Just two days before opposition forces plan to take to the streets for a new protest against alleged vote rigging and Putin’s planned return to the presidency, Putin attempted to give his usual command performance, touting the economy’s 4.3 per cent growth and promising an improved legal and regulatory environment for investors. Continue reading »
Wherever it turns, the Romanian government seems to run into trouble. On Friday, it was the constitutional court rejecting plans to delay local elections by a few months and hold them on the same day as parliamentary polls due in November.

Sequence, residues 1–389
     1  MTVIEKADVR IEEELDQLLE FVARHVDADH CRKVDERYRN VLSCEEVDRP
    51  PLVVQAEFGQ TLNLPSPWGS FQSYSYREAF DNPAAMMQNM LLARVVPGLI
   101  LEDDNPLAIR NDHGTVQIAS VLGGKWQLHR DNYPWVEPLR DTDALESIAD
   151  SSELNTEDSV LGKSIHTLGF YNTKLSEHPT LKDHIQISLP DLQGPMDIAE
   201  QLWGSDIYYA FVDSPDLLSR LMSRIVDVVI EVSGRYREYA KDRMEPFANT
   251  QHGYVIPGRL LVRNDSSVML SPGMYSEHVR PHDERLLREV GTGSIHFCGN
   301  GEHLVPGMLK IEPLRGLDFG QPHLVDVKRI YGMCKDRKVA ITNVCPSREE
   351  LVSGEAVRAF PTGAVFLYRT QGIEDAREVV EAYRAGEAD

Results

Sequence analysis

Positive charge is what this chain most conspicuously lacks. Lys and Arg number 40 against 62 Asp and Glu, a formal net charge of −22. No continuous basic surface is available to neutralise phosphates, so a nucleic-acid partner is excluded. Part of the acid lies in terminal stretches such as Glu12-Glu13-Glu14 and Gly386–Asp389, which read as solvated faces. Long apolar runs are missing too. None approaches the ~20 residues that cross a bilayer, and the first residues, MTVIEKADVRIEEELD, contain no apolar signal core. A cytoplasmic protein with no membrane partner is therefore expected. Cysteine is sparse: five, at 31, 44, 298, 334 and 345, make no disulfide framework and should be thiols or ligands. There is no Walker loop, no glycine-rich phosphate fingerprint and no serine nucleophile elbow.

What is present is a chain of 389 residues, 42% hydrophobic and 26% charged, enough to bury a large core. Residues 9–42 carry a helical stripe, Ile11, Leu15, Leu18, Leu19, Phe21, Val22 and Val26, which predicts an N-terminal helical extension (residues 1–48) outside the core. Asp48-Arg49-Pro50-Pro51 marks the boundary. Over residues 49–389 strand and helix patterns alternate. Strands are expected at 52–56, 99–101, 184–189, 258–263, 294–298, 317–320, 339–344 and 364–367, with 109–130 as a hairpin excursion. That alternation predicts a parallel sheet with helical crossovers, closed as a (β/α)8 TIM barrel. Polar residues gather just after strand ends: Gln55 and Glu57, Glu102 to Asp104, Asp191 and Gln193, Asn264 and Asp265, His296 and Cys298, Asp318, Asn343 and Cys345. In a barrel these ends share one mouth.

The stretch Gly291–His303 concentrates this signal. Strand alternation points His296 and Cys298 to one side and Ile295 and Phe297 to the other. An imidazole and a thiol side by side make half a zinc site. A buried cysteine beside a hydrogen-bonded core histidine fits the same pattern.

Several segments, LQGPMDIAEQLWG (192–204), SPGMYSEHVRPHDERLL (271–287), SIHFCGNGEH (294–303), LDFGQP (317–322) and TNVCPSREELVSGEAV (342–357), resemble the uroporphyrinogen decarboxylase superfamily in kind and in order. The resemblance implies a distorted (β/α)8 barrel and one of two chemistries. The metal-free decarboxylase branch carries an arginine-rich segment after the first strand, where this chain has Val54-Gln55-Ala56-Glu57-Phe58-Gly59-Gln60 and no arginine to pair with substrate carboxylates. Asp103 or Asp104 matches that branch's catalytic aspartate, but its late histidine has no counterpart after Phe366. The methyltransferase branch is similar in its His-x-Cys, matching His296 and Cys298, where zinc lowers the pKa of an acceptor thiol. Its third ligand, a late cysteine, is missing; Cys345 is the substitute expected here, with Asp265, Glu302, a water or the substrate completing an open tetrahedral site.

Prime minister Emil Boc hoped postponing the local elections might win a bit more time for the benefits of his tough IMF-backed austerity programme to come through, and recent public protests to lose momentum.
But the judges said no. So Boc’s only relief is the distraction generated by the snowstorms that have this week swept Romania, taking the edge off the anti-government demonstrations. But the snows will melt – the anti-government sentiment probably won’t. Continue reading »
It was always going to be controversial. Removing Nigeria’s fuel subsidy sparked the predicted protests, violence and strikes. But what has it cost the country financially?
Nigeria’s National Bureau of Statistics has released its estimate, and it’s a lot. For six days of strikes: N207.4bn, or $1.3bn, the equivalent of around 0.6 per cent of 2010′s GDP. Continue reading »
Just under a year ago, Vladimir Putin quipped about the resilience of his people noting that Russian tourists continued to head for Egypt even as revolutionary turmoil gripped the country and other foreign nationals fled.